Stories from Little Rock about a governor, state...


December 30, 1993|By THEO LIPPMAN JR.

ALL THESE stories from Little Rock about a governor, state troopers and sex remind me of the Mandels and the FDRs.

Marvin Mandel, kiddies, was governor of Maryland long, long ago. He became governor in a peculiar way. He was speaker of the House of Delegates, and when Gov. Spiro Agnew resigned to become vice president in 1968, Mandel's fellow pols in the General Assembly named him governor. (No lt. gov. then.)

Mandel had the reputation of being something of a corner-cutting wheeler-dealer, but he wowed the folks with his governing, and in November 1970 he was elected governor with the largest percentage of the popular vote in 100 years.

The next month he was a passenger in a state police car, driven by a state patrolman, that was involved in a late-night fatal auto accident on U.S. 301 near Mitchellville.

Mandel said he was returning to Annapolis from a political meeting. He wouldn't say where. Turned out that Mandel, who had been married to his childhood girl friend, Bootsie Oberfeld, for over 30 years, had really been visiting his sweetie, Jeanne Dorsey, in St. Mary's County.

Theirs was a May-and-December, Abie's-Irish-Rose sort of affair. He was 54, she was 37; he was Jewish, she was Catholic.

Quiet rumors about their affair had been confined to a small political circle. After the auto accident, the volume turned up and the circle of listeners widened. Mandel moved out of the governor's mansion -- Bootsie stayed -- and got a divorce. Then he and Jeanne were married. Some of his backers said this would ruin him with his and Bootsie's old friends in Northwest Baltimore, Jeanne being a shiksa and all. There were even predictions that his career in politics was through.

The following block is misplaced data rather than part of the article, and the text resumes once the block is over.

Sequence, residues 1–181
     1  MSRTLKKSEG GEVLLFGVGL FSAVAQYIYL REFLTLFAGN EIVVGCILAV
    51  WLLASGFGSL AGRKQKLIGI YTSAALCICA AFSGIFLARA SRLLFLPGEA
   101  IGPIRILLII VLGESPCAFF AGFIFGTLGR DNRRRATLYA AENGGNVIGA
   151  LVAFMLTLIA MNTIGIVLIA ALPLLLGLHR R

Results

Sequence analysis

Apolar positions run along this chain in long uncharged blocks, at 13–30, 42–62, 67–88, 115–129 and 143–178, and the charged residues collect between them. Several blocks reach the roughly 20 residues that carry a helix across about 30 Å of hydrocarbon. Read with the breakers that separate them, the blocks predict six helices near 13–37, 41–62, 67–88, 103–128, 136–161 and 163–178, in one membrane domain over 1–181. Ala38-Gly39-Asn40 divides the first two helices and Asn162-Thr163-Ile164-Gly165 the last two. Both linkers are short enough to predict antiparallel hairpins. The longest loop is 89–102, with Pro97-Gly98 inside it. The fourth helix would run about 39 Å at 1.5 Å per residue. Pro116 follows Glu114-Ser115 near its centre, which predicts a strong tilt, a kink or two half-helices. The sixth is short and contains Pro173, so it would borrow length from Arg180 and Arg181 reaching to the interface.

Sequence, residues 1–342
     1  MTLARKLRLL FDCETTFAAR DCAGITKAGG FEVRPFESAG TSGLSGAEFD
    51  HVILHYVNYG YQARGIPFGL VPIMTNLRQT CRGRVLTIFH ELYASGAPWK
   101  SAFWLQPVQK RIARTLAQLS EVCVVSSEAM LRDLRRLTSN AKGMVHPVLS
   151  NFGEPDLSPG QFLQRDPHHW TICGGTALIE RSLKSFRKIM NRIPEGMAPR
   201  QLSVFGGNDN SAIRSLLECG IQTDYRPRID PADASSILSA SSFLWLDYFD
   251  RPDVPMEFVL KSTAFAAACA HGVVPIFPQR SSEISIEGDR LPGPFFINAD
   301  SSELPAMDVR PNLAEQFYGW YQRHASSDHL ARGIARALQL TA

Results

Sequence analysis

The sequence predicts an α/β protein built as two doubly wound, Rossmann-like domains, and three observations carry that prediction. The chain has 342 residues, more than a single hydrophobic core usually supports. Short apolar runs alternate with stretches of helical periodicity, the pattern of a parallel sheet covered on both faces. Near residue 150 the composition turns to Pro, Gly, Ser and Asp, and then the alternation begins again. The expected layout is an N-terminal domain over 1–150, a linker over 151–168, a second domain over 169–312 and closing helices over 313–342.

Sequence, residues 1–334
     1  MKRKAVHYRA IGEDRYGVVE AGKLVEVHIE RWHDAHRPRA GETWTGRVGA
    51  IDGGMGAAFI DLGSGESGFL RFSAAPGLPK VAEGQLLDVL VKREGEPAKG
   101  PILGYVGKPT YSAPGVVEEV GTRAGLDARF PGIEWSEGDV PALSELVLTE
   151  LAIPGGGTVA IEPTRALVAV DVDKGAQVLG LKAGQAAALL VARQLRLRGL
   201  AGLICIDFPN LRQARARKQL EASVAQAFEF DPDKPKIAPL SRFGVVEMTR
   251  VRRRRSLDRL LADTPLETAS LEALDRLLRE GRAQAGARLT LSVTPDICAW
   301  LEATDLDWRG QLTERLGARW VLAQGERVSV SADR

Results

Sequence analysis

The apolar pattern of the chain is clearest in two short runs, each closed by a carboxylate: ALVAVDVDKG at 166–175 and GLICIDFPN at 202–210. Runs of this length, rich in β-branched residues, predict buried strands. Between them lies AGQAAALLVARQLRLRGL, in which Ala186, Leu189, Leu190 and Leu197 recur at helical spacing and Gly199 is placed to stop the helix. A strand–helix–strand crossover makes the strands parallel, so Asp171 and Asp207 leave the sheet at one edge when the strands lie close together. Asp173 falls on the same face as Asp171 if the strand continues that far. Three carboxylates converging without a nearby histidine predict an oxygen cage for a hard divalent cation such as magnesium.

But Jeanne changed her religion, producing in The Evening Sun a memorable two-column headline:

Jeanne Dorsey

Becomes A Jew

(Channel 13 -- I think it was -- that night copied and improved it to "Jeanne Mandel becomes a Jew! Film at 11!")

Whether it was her conversion or his good governance and politicking, I don't know, but in 1974, the voters gave Mandel a thundering endorsement, re-electing him with the second highest percentage of the popular vote in 100 years.

Alas, as older Readers recall, that was not the Happy Ending of this romantic fairy tale.

Apparently in order to pay for his costly divorce, Mandel made a deal with some cronies that, to say the least, was too clever by half. It involved his vetoing a bill that depressed the value of a race track so that his chums could buy it at a distress-sale price, then the governor allowed his veto to be overridden. I think. Something like that.

He got caught, prosecuted and convicted by the feds. Ultimately his conviction was overturned on a technicality, but only after he had served time in prison.

Monday: FDR and Lucy and Eleanor and Earl.

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